Greivis Vasquez, Guard, Raptors — After their strong finish and ultimately claiming the No. 3 seed in the Eastern Conference, you’d think the Raptors would do everything they could to hang onto starting point guard Kyle Lowry. If they do, it relegates Vasquez to the bench again. If not, they’re probably watching money and starting over again with a young prospect running the offense. Either way it means the journeyman — in the truest sense of the word — would be best served by being back on the move again. He’s not the model of today’s point guard that can be the quarterback and also get his own points. Instead, he’s an inconsistent shooter without a real nose for putting the ball into the basket. But he’s got good size, is an excellent passer and those attributes deserve to be on display on more than just a part-time basis.

Night for Pacers, Pistons to watch, plot

The Cleveland Cavaliers again have everyone else in the NBA breathlessly waiting while they decide which domino shall topple first.

The Milwaukee Bucks are next, happy to sit at No. 2, hoping for more Durant-after-Oden, less Bowie-after-Olajuwon.

The Chicago Bulls sit further back but hold two picks, Nos. 16 and 19, in the first round of what’s considered to be a deep draft (and even loftier ambitions for free agency).

And then there are the Indiana Pacers and the Detroit Pistons, poor little Central Division teams on the outside looking in – on the first round, anyway – of the 2014 Draft Thursday night.

The Pacers traded away their first-round pick to Phoenix last summer, packaging it with Gerald Green and Miles Plumlee for veteran forward Luis Scola. The Suns hold it at No. 27, leaving Indiana with only the No. 57 pick – three from the bottom – as a long-shot stab at talent near the end of the night.

The Pistons would have picked No. 9, a pivotal point similar to last year (No. 8), if not for its desperation two years ago to unload Ben Gordon, sweetening a deal for Charlotte’s Corey Maggette by including a protected future first-rounder. That future turned into the present when Detroit slipped one spot in the lottery drawing, stripping the protection, transferring the pick to the Hornets and leaving new basketball poobah Stan Van Gundy only with the No. 38 pick.

Technically, Nos. 38 and 57 aren’t wastelands when it comes to finding (more like discovering months later) occasional talent. Eighteen of the past 20 players drafted 38th earned jobs in the league, however briefly; Andy Rautins (2010) and DeMarco Johnson (1998) lasted five games each, while Michael Wright (2001) and Rashard Griffith (1995) were the only washouts. Over the past 20 years, the top players to emerge from No. 38 probably have been Chandler Parsons (2011), Steve Blake (2003), Eduardo Najera (2000), Chris Duhon (2004) and Nate Wolters (2013).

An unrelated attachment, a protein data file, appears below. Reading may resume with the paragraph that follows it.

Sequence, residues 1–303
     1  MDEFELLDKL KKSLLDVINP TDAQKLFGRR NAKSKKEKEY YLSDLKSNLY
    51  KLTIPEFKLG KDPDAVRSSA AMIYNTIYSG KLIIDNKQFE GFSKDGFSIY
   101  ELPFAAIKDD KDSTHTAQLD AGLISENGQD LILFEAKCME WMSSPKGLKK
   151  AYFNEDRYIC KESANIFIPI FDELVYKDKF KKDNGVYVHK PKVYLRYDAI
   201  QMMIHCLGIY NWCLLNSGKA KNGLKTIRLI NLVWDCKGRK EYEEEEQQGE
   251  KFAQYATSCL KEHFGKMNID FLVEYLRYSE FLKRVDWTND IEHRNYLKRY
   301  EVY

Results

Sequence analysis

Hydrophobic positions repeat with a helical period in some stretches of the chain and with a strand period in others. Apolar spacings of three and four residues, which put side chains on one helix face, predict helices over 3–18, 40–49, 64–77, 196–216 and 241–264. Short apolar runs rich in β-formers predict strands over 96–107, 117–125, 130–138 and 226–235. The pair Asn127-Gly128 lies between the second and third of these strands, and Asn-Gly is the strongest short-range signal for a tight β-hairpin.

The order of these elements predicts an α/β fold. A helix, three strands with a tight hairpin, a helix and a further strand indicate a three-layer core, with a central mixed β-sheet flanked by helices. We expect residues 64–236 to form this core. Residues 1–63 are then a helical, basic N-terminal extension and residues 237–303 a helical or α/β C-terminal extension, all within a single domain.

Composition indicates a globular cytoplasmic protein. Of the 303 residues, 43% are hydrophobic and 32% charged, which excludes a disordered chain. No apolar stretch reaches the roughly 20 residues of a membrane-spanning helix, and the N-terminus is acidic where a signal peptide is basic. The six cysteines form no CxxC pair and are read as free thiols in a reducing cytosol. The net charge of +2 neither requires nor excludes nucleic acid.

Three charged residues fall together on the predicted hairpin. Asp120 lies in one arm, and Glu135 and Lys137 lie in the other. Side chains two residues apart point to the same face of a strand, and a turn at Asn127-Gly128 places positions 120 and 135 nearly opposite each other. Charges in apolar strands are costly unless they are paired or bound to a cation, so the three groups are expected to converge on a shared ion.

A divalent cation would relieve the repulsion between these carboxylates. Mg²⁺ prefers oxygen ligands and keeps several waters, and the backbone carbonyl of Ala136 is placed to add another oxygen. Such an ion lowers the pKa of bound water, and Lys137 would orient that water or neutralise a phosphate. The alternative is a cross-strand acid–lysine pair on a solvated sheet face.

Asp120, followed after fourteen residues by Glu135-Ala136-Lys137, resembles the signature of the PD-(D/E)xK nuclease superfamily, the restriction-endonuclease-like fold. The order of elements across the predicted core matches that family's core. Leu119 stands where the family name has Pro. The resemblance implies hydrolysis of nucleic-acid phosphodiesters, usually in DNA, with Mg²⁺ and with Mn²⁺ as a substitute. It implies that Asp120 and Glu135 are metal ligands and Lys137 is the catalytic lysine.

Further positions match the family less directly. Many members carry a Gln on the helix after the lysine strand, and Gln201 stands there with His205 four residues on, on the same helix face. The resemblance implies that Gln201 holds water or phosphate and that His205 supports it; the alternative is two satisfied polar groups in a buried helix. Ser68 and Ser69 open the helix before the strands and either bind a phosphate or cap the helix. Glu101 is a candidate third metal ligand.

Meanwhile, San Antonio sixth man Manu Ginobili classed up the No. 57 slot when the Spurs grabbed him there in 1999. Washington center Marcin Gortat was picked at the spot in 2005. Since Gortat, however, the eight players selected at No. 57 have played a combined five games – all by Florida State forward Ryan Reid (2010), who logged 17 minutes total for the Thunder in 2011-12.

All of which is a long and historically broken down way of saying Indiana and Detroit aren’t banking on the Barclays Center in Brooklyn to deliver their offseason improvements.

The Pacers have internal chores atop their to-do list. Shooting guard Lance Stephenson has reached free agency before full maturity, forcing a tough call on president Larry Bird and the rest of the organization: Pay Stephenson and risk even greater antics fueled by a fat, guaranteed-and-validating contract in the mid-eight figures, or let him leave and scramble to replace his scoring, playmaking, defense and energy. Backup Evan Turner was a dud after arriving via trade in February and also will be a free agent, but for now he is Indiana’s Lance insurance.

Coach Frank Vogel also has to resuscitate Roy Hibbert as the team’s centerpiece, weighing the big man’s defensive presence against his offensive quirks and alarming unreliability late last season and postseason.

The Pistons feel as if their work already is underway, with Van Gundy in place and speculation swirling about a Josh Smith-to-Sacramento trade. They also have done their homework in gauging restricted free agent Greg Monroe‘s value, possible offer sheets (which often aren’t in synch with the first calculation) and their match-or-trade decision tree. Detroit also figures to have between an estimated $13 million to $14 million in salary cap space, pending other moves.

Van Gundy, a baseball fan, used an analogy from that sport when updating Detroit media recently on the team’s expected maneuvers. “We’re not gonna hit a home run,” he said, “but if we can get three singles or two singles and a double, and drive in a couple runs, we’ll be OK.”

Assuming they’ve got Verlander or Scherzer on the mound, of course.

Pacers need a lift from their bench

By John Schuhmann, NBA.com


VIDEO: GameTime’s crew previews Game 4 of the Heat-Pacers series

MIAMI – Stop me if you’ve heard this before.

The Indiana Pacers’ starting lineup has outscored the Miami Heat (by 29 points) in its floor time in the Eastern Conference finals. But when the Pacers have had one or more reserves on the floor, they’ve been pretty awful (minus-34). And thus, they’re down 2-1 with a need to get Game 4 on Monday (8:30 p.m. ET, ESPN).

Yes, this is the same story as we had in last year’s conference finals, when the Pacers’ starters were a plus-49 in seven games and all other Indiana lineups were a minus-77.